Quarantined with Anxiety

The question I keep asking myself is, “Did we quarantine soon enough?” Our family did before anyone else I know did. We haven’t left the house in over a week. The four of us have been at our house: my husband, Jason; our daughter Alice, age 9; and our son Tyler, age 20.

Due to the spread of this virus, COVID 19, our governor John Bel Edwards has issued a Stay at Home order that went into effect yesterday at 5 pm. However, we have been “self-quarantined” for over a week. It was a choice we made when the spread of the virus rapidly started and the numbers of cases in our state wouldn’t stop growing.

As long as I can remember, I have had anxiety. It has been a part of me. The first time I remember seeing a therapist I was about 7 years old. I had severe headaches from grinding my teeth and trouble sleeping. I had insomnia and panic attacks at age 17 after my boyfriend died in a car wreck. During that awful time, I didn’t sleep hardly at all, couldn’t eat, and lost weight. It’s amazing what anxiety can do to your body. I am experiencing this again. The insomnia is back, I can’t eat, I have no appetite, pimples on my face and panic attacks. I forgot what this felt like.

The thing about anxiety is you never know when it will creep up on you. A couple of days ago I had a huge panic attack. One of the largest ones I have ever had. Really, I had them under control for the last few years. Throughout the years, I have learned how to keep my anxiety down with yoga, low caffeine, Epsom salt baths, time at home with my family and dogs and time to myself. But, here it is back and rearing it’s ugly head again.

For those of you who have never had a panic attack, trust me you don’t want one. It’s as if an elephant is sitting on your chest and everything is spinning out of control. For me, hot tears come out that I can’t hold back as well as not being able to speak. One of the therapists I have seen taught me this trick where you pick something up, hold it in your hand and breathe very slow. When I am holding it, I only think about the object I am holding. Sometimes I pick up a pebble or a blade of grass, sometimes it’s my husband’s hand (which is what I did a few days ago) or sometimes it’s just whatever I have nearby.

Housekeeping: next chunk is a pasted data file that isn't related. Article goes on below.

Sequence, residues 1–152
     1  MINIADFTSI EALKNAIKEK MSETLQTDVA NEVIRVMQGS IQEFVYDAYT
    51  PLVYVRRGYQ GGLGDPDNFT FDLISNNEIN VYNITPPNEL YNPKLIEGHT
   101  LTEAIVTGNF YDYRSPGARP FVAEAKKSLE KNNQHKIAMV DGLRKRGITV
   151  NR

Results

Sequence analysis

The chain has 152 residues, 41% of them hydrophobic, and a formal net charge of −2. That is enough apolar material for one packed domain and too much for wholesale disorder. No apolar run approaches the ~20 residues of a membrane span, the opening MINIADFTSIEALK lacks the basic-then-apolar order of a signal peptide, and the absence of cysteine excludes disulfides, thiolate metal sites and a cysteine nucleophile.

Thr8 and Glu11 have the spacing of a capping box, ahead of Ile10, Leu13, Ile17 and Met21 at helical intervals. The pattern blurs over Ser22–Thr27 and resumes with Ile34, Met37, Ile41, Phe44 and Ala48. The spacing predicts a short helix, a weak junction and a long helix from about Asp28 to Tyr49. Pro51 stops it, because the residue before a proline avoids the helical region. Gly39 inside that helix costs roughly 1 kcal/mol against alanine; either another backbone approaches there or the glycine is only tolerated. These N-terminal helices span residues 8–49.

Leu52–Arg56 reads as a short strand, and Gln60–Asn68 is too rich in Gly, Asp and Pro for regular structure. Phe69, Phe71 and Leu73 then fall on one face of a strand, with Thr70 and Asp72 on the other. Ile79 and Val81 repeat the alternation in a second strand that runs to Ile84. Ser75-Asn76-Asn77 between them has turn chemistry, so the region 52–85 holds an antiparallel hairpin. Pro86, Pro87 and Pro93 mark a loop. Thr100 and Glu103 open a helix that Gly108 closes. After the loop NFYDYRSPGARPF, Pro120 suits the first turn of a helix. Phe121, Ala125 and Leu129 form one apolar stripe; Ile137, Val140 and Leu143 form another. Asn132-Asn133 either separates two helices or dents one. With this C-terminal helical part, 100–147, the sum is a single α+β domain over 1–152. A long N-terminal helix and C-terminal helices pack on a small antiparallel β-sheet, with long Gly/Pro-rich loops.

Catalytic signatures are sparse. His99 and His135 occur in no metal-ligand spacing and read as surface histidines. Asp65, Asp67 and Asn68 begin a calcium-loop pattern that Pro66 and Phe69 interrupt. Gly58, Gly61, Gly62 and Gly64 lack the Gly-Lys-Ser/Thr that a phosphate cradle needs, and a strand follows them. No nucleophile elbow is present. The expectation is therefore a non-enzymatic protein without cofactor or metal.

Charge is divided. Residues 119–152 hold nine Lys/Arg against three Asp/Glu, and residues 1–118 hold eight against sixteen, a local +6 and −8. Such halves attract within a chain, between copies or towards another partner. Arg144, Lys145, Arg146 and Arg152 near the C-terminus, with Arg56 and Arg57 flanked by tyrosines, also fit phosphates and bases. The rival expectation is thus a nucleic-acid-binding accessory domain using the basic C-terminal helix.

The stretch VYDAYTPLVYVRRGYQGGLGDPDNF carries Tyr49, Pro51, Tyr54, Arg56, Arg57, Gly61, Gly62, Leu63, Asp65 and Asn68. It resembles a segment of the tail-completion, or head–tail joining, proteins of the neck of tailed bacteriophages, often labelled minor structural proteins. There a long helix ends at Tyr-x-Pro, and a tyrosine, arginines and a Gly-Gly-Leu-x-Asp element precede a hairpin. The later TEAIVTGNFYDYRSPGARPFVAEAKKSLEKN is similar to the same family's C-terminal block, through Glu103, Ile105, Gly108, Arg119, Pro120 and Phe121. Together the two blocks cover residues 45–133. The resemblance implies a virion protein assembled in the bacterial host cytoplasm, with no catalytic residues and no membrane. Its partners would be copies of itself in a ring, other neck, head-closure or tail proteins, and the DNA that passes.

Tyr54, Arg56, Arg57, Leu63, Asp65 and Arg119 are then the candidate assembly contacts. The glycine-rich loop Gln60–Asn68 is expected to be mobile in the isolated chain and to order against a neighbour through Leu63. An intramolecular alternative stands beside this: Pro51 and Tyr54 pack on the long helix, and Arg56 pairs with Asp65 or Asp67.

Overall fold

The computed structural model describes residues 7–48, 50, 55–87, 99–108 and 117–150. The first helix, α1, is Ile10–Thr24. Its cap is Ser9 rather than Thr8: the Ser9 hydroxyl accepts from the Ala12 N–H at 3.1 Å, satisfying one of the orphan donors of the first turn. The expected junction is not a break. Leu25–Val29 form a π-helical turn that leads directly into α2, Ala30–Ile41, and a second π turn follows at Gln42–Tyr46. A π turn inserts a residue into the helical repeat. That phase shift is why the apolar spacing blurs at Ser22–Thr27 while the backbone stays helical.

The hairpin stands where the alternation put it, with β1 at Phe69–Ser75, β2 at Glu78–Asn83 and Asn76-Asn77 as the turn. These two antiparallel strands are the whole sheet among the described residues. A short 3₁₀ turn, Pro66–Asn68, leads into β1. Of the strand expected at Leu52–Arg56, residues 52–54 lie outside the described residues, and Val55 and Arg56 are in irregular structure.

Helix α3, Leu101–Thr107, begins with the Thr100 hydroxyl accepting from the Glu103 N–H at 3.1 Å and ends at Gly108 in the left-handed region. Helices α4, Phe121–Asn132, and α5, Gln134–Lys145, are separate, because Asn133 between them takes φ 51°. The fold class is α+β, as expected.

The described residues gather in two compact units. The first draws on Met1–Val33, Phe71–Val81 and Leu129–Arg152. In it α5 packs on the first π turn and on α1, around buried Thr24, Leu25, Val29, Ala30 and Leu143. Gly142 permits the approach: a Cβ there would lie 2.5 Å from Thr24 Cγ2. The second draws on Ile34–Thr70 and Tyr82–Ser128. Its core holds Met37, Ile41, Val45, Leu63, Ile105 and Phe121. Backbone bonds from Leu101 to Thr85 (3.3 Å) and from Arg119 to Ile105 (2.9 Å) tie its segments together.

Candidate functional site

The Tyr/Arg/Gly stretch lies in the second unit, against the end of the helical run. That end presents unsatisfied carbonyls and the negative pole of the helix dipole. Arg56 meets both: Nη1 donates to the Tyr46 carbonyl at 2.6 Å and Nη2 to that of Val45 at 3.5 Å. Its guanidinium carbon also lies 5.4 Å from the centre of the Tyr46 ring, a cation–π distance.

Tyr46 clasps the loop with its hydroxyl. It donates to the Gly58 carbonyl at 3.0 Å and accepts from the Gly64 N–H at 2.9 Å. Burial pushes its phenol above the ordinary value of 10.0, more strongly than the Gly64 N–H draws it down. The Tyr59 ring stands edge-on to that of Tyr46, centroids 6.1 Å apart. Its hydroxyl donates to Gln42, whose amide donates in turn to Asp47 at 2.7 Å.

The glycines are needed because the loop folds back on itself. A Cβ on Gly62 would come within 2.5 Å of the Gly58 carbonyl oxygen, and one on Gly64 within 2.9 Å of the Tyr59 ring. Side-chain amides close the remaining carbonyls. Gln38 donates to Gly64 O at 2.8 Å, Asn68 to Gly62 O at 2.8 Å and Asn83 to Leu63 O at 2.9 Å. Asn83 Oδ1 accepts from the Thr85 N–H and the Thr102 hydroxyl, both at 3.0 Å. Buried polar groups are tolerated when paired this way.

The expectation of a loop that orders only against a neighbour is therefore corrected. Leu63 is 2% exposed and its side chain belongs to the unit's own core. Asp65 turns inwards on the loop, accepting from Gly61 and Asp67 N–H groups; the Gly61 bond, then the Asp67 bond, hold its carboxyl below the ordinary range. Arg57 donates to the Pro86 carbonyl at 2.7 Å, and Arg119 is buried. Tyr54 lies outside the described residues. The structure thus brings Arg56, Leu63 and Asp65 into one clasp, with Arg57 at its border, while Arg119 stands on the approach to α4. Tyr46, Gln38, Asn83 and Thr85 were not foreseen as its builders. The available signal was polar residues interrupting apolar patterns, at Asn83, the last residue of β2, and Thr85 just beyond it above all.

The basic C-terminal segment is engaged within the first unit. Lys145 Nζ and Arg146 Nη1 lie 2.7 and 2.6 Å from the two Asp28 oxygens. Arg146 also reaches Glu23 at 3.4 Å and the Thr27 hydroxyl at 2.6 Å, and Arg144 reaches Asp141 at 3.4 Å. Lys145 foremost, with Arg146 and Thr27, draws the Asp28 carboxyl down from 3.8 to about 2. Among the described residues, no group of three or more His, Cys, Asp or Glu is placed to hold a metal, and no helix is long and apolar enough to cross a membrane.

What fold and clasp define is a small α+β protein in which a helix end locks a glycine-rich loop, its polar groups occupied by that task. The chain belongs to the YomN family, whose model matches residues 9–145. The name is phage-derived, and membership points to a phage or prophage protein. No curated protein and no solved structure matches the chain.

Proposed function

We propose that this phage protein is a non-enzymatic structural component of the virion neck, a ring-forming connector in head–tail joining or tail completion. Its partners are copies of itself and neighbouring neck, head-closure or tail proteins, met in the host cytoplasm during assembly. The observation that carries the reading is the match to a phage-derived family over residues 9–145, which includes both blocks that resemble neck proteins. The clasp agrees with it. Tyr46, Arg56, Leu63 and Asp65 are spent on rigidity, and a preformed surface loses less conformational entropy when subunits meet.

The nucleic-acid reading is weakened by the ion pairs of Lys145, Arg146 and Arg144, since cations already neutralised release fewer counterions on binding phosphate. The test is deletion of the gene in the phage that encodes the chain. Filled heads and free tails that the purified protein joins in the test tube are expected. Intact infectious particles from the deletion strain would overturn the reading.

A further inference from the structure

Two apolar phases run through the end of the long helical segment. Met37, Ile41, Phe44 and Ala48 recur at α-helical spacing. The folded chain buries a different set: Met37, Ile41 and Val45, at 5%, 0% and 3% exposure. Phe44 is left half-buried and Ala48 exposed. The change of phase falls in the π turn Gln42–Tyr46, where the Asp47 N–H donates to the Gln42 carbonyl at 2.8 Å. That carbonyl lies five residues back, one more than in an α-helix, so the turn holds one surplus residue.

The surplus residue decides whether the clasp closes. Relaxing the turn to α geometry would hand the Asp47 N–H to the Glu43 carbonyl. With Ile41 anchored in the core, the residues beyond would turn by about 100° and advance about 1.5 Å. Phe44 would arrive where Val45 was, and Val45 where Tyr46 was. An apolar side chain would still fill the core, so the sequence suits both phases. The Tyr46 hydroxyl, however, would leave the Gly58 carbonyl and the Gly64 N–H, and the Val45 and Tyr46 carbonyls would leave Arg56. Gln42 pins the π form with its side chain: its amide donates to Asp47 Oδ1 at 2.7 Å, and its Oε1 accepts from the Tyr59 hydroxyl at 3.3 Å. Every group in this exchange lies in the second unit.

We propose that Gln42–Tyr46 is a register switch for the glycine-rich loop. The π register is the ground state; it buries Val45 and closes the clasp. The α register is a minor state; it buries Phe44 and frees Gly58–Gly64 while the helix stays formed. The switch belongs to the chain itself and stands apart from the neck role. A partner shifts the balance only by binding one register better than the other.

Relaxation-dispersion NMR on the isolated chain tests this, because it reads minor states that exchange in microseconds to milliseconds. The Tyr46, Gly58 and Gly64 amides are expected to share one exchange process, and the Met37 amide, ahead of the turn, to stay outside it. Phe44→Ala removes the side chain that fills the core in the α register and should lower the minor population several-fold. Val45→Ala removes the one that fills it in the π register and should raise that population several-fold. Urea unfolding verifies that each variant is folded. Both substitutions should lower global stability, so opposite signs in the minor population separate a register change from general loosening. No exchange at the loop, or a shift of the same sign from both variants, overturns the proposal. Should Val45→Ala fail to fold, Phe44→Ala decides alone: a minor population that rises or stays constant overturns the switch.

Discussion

I keep thinking about Anne Frank and what she felt like. We are very lucky to have a backyard and no one hunting us as was the case for poor little Anne. She must have been so scared. I keep thinking of my daughter and how she must be feeling and all the children that are scared right now.

When this started a few weeks ago (dates are starting to get very blurry to me) my first thought was to buy groceries so I did. I made sure we had enough hand soap, shampoo, paper towels and toilet paper. I didn’t buy too much, just what I could afford. We then bought some canned goods. Fairly quickly after that, there was a shortage of toilet paper and hand sanitizer. At the time we had about 24 rolls of toilet paper and I think we have about 15 now. We are starting to conserve toilet paper as there is nowhere to purchase it.

A few weeks ago, our state of Louisiana had no cases of COVID-19 (aka Coronavirus). Two weeks ago Louisiana had zero cases and now as I’m writing this, we have 837 confirmed cases and 20 deaths. The numbers seem to be rising so fast I can’t keep up. The scariest thing has been watching the country of Italy during this time. I remember when this whole nightmare started over there about a month ago and now they have 5,476 deaths. Their death toll has gone up so fast. I just read a headline today that they had 651 deaths today. TODAY.

Sometimes we hear good news, but it’s rare. Yesterday my mom told me her friend Mike, who we have known forever, tested positive for the virus about three weeks ago and is said to be almost totally recovered now. The only way he must have gotten tested is because he is a doctor and had access to a test. Most people do not have access to a test. We are learning that if you are famous and have the money you get a test and results right away. Many people are sick and cannot get tested and if they are lucky enough to get a test the results can take 4-6 days to come in!